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Yemen truce hangs in balance as extension talks falter

Taez, which has a population of roughly 600,000 people and lies in Yemen's southwest, has been largely cut off from the world since 2015, when the rebels closed the main routes into the city
— Sanaa (AFP)

A fragile UN-brokered truce between the Yemeni government and Huthi rebels hung in the balance Wednesday as talks on renewing it hit trouble, threatening the humanitarian gains of the past two months.

Aid agencies and Western governments have urged Yemen's warring parties to extend the truce, which has significantly reduced the intensity of fighting in a conflict the United Nations says has triggered the world's worst humanitarian crisis.

But with just one day before the truce expires, there was no sign of any breakthrough in UN-backed talks.

A Yemeni aircraft left the rebel-held capital Sanaa for Cairo on the first commercial flight between the two cities since 2016, the latest gain from the truce deal.

The office of the United Nations special envoy for Yemen told AFP there were 77 people on board the Yemenia flight from Sanaa airport, which has been closed to commercial flights for nearly six years.

It is the seventh such flight since the truce went into effect on April 2. The six previous flights had all been to the Jordanian capital Amman.

Yemen has been gripped by conflict since the rebels overran Sanaa in 2014, triggering a Saudi-led military intervention in support of the beleaguered government the following year.

Air traffic into the rebel-held capital has been largely halted by a Saudi-led blockade, but there have been exemptions for aid flights that are a key lifeline for the population.

Despite accusations of violations from both the Saudi-led coalition and the Huthis, the truce has significantly reduced levels of violence.

"Over the past two months, the truce has brought tangible benefits to millions of Yemenis -– benefits that will only grow as the truce continues and the parties engage in a comprehensive UN-led peace process," the US State Department said after Washington's Yemen envoy, Tim Lenderking, met Yemeni officials during a visit to the country.

- Talks in 'trouble' -

A tanker docks in the rebel-held Yemeni port of Hodeida with deperately needed fuel, in another gain from the threatened truce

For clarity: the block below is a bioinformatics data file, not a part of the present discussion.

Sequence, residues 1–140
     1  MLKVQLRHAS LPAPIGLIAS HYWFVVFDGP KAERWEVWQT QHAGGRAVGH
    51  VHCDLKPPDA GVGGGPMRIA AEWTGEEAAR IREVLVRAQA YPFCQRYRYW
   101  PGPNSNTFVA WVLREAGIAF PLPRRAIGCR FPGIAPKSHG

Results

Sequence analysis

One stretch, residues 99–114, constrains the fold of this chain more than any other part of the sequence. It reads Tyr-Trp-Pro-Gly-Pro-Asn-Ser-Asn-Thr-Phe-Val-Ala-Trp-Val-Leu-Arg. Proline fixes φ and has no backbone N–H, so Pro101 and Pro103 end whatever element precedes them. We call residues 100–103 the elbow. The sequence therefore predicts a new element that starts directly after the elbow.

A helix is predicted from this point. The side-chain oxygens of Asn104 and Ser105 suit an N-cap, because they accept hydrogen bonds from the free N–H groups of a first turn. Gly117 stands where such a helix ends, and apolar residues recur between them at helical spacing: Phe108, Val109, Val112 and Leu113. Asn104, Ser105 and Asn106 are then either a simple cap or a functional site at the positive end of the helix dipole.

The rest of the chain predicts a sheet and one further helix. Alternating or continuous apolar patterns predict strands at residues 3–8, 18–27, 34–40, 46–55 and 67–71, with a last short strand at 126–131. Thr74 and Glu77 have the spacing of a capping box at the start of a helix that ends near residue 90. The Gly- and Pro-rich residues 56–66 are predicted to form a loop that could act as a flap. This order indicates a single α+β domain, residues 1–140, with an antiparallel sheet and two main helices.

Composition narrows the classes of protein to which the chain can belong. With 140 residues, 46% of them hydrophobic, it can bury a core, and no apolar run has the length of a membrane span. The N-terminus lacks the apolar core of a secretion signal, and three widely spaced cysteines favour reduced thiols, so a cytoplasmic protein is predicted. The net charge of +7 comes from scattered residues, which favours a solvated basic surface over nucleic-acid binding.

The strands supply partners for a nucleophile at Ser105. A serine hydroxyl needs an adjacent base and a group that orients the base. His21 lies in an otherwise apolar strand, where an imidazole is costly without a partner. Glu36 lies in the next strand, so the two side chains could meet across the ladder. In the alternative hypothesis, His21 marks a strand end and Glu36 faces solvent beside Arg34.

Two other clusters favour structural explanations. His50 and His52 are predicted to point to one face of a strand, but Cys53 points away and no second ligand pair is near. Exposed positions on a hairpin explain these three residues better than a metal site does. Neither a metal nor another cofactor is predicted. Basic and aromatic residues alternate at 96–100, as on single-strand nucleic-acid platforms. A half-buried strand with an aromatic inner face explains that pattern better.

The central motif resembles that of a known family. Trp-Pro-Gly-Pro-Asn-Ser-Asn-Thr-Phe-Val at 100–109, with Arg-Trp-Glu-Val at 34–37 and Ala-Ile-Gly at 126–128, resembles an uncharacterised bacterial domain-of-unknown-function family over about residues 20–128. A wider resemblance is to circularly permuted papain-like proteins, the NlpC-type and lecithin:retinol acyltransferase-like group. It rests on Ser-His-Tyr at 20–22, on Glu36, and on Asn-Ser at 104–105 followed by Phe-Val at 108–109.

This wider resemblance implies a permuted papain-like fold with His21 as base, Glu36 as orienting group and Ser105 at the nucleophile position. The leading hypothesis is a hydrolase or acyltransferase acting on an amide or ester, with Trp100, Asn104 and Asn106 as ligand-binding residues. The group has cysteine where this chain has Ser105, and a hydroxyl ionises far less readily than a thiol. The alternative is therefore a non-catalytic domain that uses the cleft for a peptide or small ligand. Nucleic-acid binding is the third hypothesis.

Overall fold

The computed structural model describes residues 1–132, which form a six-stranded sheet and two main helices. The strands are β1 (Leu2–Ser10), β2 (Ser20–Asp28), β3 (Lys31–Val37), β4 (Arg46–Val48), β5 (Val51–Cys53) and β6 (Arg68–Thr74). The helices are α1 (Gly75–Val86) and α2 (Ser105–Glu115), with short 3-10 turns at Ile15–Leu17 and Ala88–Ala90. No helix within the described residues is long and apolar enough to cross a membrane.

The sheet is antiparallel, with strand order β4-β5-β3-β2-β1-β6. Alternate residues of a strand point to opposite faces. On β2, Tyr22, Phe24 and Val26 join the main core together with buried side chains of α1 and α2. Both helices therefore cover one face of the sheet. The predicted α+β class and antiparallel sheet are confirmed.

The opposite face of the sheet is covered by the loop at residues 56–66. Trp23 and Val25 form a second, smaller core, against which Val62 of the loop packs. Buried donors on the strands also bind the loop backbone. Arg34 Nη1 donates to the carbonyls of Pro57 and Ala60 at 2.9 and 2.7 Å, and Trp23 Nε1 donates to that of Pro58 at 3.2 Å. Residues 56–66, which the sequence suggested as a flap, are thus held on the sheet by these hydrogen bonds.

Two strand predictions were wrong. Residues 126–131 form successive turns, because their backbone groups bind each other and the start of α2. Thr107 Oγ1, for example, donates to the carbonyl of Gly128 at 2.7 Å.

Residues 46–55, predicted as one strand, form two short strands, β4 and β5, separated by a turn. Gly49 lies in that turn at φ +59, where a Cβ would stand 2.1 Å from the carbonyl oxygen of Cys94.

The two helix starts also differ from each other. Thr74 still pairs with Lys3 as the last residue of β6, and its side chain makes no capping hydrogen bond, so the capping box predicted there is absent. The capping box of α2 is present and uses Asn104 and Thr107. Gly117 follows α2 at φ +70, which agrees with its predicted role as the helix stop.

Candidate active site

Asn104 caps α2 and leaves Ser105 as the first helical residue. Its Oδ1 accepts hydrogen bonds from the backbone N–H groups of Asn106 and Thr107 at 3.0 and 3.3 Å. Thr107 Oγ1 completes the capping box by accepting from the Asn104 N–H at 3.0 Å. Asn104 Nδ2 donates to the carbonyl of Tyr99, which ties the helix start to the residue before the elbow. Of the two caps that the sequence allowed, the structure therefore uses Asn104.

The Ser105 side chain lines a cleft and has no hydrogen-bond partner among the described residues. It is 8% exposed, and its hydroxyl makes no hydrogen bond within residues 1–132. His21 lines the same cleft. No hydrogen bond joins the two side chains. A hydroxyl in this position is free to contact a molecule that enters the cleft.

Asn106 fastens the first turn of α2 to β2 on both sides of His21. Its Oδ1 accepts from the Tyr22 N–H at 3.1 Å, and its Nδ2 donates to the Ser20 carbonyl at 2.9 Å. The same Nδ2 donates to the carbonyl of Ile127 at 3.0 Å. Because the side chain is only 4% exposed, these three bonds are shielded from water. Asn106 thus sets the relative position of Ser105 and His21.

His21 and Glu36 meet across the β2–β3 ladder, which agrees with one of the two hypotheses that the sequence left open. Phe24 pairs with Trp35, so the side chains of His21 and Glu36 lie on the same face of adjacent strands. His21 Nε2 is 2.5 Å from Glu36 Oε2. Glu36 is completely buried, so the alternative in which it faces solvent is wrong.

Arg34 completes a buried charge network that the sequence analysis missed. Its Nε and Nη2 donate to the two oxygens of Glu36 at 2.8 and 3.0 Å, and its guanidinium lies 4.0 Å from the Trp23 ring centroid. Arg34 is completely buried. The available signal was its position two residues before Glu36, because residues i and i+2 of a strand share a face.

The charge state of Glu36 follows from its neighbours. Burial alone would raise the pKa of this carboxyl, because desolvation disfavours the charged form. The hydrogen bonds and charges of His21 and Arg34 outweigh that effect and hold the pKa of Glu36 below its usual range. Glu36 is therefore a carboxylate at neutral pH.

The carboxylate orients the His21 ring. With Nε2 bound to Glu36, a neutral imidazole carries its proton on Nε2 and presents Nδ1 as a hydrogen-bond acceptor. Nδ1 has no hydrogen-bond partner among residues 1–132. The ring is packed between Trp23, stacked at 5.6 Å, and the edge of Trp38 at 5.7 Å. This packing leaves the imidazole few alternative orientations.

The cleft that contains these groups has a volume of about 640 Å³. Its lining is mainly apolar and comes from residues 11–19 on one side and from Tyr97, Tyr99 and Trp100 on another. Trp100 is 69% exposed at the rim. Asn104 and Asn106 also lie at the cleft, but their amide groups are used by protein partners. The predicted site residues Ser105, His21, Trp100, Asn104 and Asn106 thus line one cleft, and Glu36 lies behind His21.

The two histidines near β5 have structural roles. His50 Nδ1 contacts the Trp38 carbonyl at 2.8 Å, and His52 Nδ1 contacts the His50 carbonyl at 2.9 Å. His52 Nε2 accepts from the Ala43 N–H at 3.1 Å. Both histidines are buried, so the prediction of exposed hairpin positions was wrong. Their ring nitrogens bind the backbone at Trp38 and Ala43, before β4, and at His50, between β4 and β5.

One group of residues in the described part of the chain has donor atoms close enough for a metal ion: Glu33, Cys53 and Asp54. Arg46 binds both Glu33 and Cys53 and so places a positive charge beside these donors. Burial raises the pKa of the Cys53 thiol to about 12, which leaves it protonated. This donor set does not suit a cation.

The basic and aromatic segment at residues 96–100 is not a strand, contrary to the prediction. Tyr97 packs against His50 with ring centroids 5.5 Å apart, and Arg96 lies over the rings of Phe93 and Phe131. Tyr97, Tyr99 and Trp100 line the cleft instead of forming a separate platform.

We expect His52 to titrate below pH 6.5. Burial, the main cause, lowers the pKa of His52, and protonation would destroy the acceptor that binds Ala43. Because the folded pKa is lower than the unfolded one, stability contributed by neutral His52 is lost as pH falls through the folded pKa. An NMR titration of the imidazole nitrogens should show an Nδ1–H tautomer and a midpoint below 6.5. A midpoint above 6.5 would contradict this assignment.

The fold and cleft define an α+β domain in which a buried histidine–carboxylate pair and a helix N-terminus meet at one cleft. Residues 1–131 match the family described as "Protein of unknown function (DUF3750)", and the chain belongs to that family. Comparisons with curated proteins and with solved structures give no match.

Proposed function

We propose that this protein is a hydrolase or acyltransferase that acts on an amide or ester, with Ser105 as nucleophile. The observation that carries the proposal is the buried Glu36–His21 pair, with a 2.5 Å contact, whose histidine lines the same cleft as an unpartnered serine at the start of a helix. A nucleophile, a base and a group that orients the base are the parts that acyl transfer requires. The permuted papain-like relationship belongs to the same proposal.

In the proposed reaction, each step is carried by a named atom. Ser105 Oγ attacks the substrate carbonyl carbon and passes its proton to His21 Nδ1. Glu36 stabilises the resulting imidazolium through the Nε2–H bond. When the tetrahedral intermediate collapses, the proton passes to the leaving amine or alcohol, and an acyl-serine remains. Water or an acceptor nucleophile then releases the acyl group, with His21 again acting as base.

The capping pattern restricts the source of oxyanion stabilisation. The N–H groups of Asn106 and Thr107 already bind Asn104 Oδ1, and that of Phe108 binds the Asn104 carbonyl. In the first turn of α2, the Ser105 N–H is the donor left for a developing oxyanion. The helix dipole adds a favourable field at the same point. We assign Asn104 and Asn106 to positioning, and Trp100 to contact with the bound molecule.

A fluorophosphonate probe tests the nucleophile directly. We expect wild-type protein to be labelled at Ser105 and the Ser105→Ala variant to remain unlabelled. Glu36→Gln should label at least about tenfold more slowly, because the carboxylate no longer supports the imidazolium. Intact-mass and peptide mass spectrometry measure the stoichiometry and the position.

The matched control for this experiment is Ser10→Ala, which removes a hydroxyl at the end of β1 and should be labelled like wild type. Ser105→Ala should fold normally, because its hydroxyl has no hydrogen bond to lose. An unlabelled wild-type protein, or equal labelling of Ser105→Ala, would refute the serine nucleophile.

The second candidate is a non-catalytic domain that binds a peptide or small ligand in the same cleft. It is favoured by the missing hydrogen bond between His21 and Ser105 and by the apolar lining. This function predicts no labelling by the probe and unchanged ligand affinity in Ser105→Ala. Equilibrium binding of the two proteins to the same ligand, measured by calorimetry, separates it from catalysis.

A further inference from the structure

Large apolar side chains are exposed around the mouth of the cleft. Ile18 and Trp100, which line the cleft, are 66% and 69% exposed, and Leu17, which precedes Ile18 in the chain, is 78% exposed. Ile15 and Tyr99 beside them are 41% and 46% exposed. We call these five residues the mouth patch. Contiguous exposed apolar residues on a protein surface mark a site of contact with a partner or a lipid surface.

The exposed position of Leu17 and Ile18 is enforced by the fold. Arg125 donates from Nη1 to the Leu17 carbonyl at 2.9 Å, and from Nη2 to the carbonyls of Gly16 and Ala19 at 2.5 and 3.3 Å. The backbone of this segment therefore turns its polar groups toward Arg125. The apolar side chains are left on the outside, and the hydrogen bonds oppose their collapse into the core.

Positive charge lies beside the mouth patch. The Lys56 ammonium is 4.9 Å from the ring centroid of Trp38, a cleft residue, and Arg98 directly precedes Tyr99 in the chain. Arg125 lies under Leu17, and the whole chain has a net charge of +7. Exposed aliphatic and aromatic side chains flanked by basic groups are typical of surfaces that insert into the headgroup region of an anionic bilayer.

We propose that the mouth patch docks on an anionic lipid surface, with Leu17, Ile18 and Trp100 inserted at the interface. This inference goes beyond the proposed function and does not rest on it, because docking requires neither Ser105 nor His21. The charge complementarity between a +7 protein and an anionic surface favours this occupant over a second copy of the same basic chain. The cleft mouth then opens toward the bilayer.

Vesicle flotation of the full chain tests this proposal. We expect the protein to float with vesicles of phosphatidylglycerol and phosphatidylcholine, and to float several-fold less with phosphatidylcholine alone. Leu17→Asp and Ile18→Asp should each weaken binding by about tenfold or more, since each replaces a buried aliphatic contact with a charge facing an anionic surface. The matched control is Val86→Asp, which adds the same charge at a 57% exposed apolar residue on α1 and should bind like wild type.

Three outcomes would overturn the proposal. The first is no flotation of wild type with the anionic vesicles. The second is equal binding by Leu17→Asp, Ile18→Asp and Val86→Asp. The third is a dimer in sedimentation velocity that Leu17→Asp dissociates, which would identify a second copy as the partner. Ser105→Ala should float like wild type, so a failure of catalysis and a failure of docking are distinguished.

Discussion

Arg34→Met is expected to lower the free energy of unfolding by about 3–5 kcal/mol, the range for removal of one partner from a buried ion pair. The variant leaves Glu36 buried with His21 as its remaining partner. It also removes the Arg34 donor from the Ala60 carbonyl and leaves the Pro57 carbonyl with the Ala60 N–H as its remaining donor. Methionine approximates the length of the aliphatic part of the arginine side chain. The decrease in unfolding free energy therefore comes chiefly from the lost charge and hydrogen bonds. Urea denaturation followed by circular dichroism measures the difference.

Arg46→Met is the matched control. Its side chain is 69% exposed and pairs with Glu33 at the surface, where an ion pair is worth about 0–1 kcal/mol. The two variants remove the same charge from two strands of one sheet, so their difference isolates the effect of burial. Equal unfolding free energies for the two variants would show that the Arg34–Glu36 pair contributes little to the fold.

The Huthis have said they are considering renewing the ceasefire amid UN efforts to extend the truce.

But on Tuesday, the United States warned the truce talks were in "trouble" as it pushed for an extension to help support millions of people at risk.

Talks on extending the ceasefire "haven't ended yet but seem to be in a bit of trouble", said Linda Thomas-Greenfield, the US ambassador to the United Nations.

Aid agencies have urged Yemen's warring parties to extend the truce, saying it had "positive humanitarian impacts".

"As organisations working across Yemen, we have seen the positive humanitarian impacts of the truce," more than 30 aid agencies, including Save The Children, Oxfam and the Norwegian Refugee Council, said in a joint statement.

They said the reopening of Sanaa airport to commercial flights had allowed hundreds of patients in "critical need of lifesaving medical treatment outside of the country" to finally receive it.

The truce has also seen oil tankers docking in the rebel-held port of Hodeida, potentially easing fuel shortages in Sanaa and elsewhere.

But a provision for the rebels to ease their siege of Yemen's third-largest city Taez has yet to be implemented, to the anger of both the government and residents, who have held repeated protests in recent weeks.

The head of Yemen's presidential leadership council, Rashad al-Alimi, discussed the implementation of the truce with UN chief Antonio Guterres by telephone on Tuesday.

He urged the UN chief to "redouble the pressure on the Huthi militia to abide by its commitments to the truce, including opening roads to Taez", the official Saba news agency reported.

The Huthis, for their part, are demanding talks on the payment of civil servants' salaries and other public funding as the country faces an economic collapse, according to the rebels' Al-Massirah TV channel.

Taez has been largely cut off from the rest of government-held territory since 2015, with all supplies coming in by a single tortuous road through the mountains.

The war in Yemen has killed more than 150,000 people and displaced millions of civilians, according to the UN.